A Solution to the Unemployment Problem … errrr … Sort Of
July 15, 2009 — Just back from a week out of the office for the July 4 holiday. I was able to get out of the scorching Arizona heat for a short visit Huntington Beach in California and then the snow of the Rockies for a few more days. I was also able to catch up on some magazines and read a good book called Everything Bad Is Good For You by Steven Johnson (no relation to me), which I will probably blog about one of these days.
Anyway, I came back yesterday (Tuesday) to discover two similar articles, one in The Washington Post and the other in The Wall Street Journal. On Sunday July 12, the Post's Vickie Elmer wrote an article called "The Unpaid Payoff of a Between Jobs Job," which suggested that if you're unemployed and tired of waiting for the job market to get better, it might be a good idea to take an unpaid internship to help fill in any gaps in the resume or in your skill set.
At first blush, projecting myself into the situation, the concept was a bit hard to swallow for me. Like most people in the workforce, I have a couple of mouths to feed at home, the proverbial mortgage payment, bills, etc. So how would I be able to possibly afford to do something like this? But the WSJ article written by Sarah E. Needleman ("Starting Fresh With an Unpaid Internship") took the concept a step further, pointing out that people who take unpaid internships can obviously continue to collect unemployment benefits while maintaining a non-secretive job search, and further — in some cases — employers have even provided benefits such as free coffee, lunch, wellness/gym privileges, and covering commuting expenses. (An anecdote in the WSJ article said that one employer had paid for a $600 training course for an intern, which of course is good news to those of us who work in organizations that produce training courses and products!)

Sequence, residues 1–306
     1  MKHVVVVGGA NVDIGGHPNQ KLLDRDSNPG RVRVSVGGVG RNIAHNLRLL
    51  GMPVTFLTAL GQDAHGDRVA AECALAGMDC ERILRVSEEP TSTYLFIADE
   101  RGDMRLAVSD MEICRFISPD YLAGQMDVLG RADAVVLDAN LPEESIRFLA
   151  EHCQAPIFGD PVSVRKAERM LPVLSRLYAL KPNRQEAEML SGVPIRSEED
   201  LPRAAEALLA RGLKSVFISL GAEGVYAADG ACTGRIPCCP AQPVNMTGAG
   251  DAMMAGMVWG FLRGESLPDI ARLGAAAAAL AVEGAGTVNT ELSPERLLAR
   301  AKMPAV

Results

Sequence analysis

Although full time paid employment would obviously be a better solution for the worker, this concept really seems like a win-win to me. The unemployed worker isn't sitting around the house feeling sorry for him/herself, plus he or she is gaining new skills that can be put on the resume. Meanwhile, the employer is getting some nicely seasoned individuals to work for free — and, of course they hold the option to hire these folks when the economy starts to recover.
Putting on my workspan editor hat now, I'm curious if anybody out there is currently doing this from either the employer or employee perspective (or know of anyone doing this)? Anybody see any downsides here?
Sorry, but Supreme Court nominee Sotomayor's decision in the Archie v. Grand Central Partnership case might nix that proposal. If there was work done connected with interstate commerce and if any regular employees did the same things, it could be considered employment and minimum wages and FLSA overtime would be due.
Seems like it has to be essentially nonproductive makework directly connected to academic course assignments to evade that pitfall. Around the middle of the last article, you find the following statement:
To avoid legal complications, some employers limit unpaid internships to college students receiving school credit. Last spring, Ashley Biever enrolled in a continuing-education program at the University of California, Los Angeles, primarily to qualify for an internship.
No bar to paid internships exist, to my knowledge.